Oct 03 2014

Are Health Apps Helpful?

There seems to be an app for everything, although we are just at the beginning of this new technology. It is a very recent phenomenon that many people in industrialized nations are walking around with a hand-held networked computer. This creates a new opportunity – to have constant access to applications that can help us run our lives. Even though there are already millions of apps, we really are just beginning to explore this opportunity.

One category of apps that seem to have a great deal of potential are health-related apps. There are apps to help people count calories, track their migraines, track their exercise, or even look up medical information or take a crack at diagnosing their own symptoms. There are apps to help you quit smoking or using alcohol, manage your medications, track your diabetes, or to provide some automatic therapy for mental illness.

The UK’s NHS maintains a list of approved health apps with hundreds of vetted apps you can browse.

In there are some useful ideas, and not-so-useful ideas. Trial and error will sort that out over time, and there are probably some killer health apps waiting to be developed.

How evidence-based are typical health apps, however? How would we even study that question?

A recent survey asked UK physicians, mostly primary care doctors, their personal experience with patients using health apps. The result are in line with my own personal experience. Basically, apps that help patients track or monitor their own health or habits are helpful. This is the low-hanging fruit of health apps.

However, apps that provide information or advice to patients are problematic. The same is true of any health information targeted to the general audience, whether in books, magazines, the internet, or now apps. Less than 5% of those surveyed found such apps helpful.

The problem is, such sources of information are rarely able to put the information into an individual medical context. What ends up happening is that patients match their own symptoms to possible diagnoses, and will often match the symptoms to some horrible fatal disease. This makes patients understandably anxious, and often may motivate them to request extra testing just for reassurance.

Not all symptoms are created equal, however. Some are non-specific and may match hundreds of possible conditions. Others require individual assessment – not every twitch is a Parkinsonian tremor. It takes years of training and experience to know how significant and predictive specific symptoms are, and how likely specific diagnoses are in turn.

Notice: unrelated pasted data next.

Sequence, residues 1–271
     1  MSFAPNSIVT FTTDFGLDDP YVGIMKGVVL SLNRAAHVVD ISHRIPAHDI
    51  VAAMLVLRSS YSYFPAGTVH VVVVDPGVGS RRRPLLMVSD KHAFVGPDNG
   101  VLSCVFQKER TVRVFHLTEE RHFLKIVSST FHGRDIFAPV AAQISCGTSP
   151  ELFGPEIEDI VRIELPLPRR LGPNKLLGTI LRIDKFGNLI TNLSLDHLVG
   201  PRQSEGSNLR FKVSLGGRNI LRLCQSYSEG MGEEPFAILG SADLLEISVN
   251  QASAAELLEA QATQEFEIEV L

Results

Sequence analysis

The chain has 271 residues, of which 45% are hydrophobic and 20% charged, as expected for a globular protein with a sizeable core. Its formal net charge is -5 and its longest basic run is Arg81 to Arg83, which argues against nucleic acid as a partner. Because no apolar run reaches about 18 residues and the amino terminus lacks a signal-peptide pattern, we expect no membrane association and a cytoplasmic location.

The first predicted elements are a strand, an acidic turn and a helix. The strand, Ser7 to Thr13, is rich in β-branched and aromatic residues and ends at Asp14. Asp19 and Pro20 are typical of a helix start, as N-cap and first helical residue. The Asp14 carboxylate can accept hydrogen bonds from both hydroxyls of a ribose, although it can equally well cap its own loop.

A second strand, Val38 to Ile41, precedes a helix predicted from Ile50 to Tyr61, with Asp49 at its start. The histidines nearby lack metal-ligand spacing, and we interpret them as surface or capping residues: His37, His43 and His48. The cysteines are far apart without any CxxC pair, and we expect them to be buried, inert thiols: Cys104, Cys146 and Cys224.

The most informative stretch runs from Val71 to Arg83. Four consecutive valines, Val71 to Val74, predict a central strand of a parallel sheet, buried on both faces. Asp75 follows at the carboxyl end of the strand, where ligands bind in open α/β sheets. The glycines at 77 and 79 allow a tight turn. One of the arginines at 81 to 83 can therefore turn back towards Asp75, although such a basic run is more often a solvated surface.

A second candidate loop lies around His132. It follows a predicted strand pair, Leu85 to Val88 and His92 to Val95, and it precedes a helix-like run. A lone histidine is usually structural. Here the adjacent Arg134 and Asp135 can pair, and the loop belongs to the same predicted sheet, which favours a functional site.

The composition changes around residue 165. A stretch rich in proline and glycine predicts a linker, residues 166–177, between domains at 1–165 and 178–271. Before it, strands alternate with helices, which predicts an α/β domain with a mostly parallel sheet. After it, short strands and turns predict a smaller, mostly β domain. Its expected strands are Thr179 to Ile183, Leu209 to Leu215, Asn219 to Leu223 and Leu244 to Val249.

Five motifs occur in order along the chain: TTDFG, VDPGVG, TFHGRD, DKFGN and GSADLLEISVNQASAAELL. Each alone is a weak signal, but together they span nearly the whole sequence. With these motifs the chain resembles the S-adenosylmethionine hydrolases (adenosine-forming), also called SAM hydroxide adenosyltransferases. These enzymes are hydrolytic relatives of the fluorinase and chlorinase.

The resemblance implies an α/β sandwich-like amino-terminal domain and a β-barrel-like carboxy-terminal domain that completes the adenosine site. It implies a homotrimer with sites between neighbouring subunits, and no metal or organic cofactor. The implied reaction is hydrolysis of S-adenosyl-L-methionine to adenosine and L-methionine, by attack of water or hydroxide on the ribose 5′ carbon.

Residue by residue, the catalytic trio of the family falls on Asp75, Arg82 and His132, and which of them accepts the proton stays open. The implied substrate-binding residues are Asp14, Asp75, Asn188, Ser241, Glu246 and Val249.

I am not arguing that information is a bad thing. Rather, it is critical how information is presented. Presenting information in such a way that encourages or enables naive attempts at self-diagnosis is counterproductive. Further, useful resources will anticipate common misconceptions or misinterpretations, strongly counsel for caution in interpreting symptoms, and stress the need for expert opinion.

The possible benefits of general access to health information is that people will be better informed about their own health and theoretically will be able to make better decisions about how to manage conditions that can be managed at home, and when to consult a physician.

The possible harms are that such access to information will drive anxiety, false diagnoses, and unnecessarily increase use of medical resources.

There is another aspect to this, of which I have personally seen the positive and negative. Patients who come into an office visit armed with information they have read on the internet sometimes have a leg up, already have some useful background information, and ask well-informed questions. More often, however, they are filled with misinformation, or have questions about conditions completely unrelated to what they have.

It is difficult to estimate the net effect this has on the efficiency of office visits (something very critical to the overall efficiency of the health care system). I spend a lot of time undoing damage done by misleading websites.

The bottom line is that apps and websites that provide information are a double-edged sword. We are far from an optimal use of this technology, and there doesn’t even seem to be a way to control the information that is out there. Vetting and seals of approval are helpful, but these are difficult to execute and maintain, and often are infiltrated by special interests.

A thorough review of health apps is not possible here. A 2012 estimate put the number of health apps at 40,000.  There are already hundreds of papers assessing the utility of the apps. The ones that seem to be the most useful are those that enhance patient self-monitoring and behavior. Even there, it is not clear if they improve health outcomes.


Health apps are exploding in number and diversity, in a largely haphazard free-market way. There are some benefits to this model, and some useful apps are likely to emerge. I routinely recommend apps for tracking migraines, for example.

It will take time, however, to sort out the real effects of having a marketplace with tens of thousands of health apps, and which approaches are helpful and which are not. I do think health apps deserve more attention from researchers and healthcare experts. There is likely vast untapped potential there, but also pitfalls (I guess I can’t avoid the pun of the “killer app”).

Overall I’m excited by the possibilities, especially as the technology advances with the possibility of smart phone accessories that can actually monitor health parameters such as blood pressure, oxygen levels, blood sugar, and more. Monitoring and tracking are likely to be the most useful applications. Information will always be tricky – there is no app that can make a non-expert into an expert.

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